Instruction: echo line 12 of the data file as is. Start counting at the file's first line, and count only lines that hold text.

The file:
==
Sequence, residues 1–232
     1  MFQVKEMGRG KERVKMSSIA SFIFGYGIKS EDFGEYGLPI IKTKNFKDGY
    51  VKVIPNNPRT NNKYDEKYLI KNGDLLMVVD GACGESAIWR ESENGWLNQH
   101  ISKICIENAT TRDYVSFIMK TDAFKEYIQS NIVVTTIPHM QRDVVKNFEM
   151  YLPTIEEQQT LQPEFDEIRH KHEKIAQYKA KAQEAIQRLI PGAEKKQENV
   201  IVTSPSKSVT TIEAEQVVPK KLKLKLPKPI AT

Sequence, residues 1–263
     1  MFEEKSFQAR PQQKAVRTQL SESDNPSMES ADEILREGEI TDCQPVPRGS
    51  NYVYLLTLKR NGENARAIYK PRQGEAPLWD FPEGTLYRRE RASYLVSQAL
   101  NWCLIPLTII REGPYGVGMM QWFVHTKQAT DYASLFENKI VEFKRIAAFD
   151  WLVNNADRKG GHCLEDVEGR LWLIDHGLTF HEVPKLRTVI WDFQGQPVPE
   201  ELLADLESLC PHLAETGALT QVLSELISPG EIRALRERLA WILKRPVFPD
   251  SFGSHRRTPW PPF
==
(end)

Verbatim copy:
   201  ELLADLESLC PHLAETGALT QVLSELISPG EIRALRERLA WILKRPVFPD